Trading CFDs with Colmex

January 28, 2016

CFDs are traded between individual traders and CFD providers. There are no standard contract terms for CFDs, and each CFD provider can specify their own, but they tend to have a number of things in common.

In finance, a contract for difference (or CFD) is a contract between two parties, typically described as "buyer" and "seller", stipulating that the buyer will pay to the seller the difference between the current value of an asset and its value at contract time.  If the difference is negative, then the seller pays instead to the buyer. In effect CFDs are financial derivatives that allow traders to take advantage of prices moving up (long positions) or prices moving down (short positions) on underlying financial instruments and are often used to speculate on those markets.

When applied to equities, such a contract is an equity derivative that allows traders to speculate on share price movements without the need for ownership of the underlying shares.

CFDs are traded between individual traders and CFD providers. There are no standard contract terms for CFDs, and each CFD provider can specify their own, but they tend to have a number of things in common.

The CFD is started by making an opening trade on a particular instrument with the CFD provider (broker). This creates a ‘position’ in that instrument. There is no expiry date so the position is closed when a second reverse trade is done. At that point the difference between the opening trade and the closing trade is paid as profit or loss. The CFD provider may make a number of charges as part of the trading or the open position. These may include, bid-offer spread, commission, overnight financing and account management fees.  Even though the CFD does not expire, any positions that are left open overnight will be ‘rolled over’. This typically means that any profit and loss is realized and credited or debited to the client account and any financing charges are calculated. The position then carries forward to the next day.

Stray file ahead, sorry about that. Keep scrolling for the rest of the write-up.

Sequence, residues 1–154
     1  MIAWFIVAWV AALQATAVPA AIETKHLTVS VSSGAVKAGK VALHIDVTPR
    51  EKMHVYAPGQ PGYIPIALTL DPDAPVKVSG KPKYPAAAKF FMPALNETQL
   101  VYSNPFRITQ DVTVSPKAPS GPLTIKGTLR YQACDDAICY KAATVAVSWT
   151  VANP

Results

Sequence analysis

CFDs are traded on margin, and the trader must maintain the minimum margin level at all times. A typical feature of CFD trading is that profit and loss and margin requirement is calculated constantly in real time and shown to the trader on screen. If the amount of money deposited with CFD broker drops below minimum margin level, margin calls can be made. Traders may need to cover these margins quickly otherwise the CFD provider may liquidate their positions.

The main risk is market risk as the contract is designed to pay the difference between the opening price and the closing price of the underlying asset. CFDs are traded on margin, and the leveraging effect of this increases the risk significantly. Margin rates are typically small and therefore a small amount of money can be used to hold a large position. It is this very risk that drives the use of CFDs, either to speculate on movements in financial markets or to hedge existing positions elsewhere. One of the ways to mitigate this risk is the use of stop loss orders. Users typically deposit an amount of money with the CFD provider to cover the margin and can lose much more than this deposit if the market moves against them.

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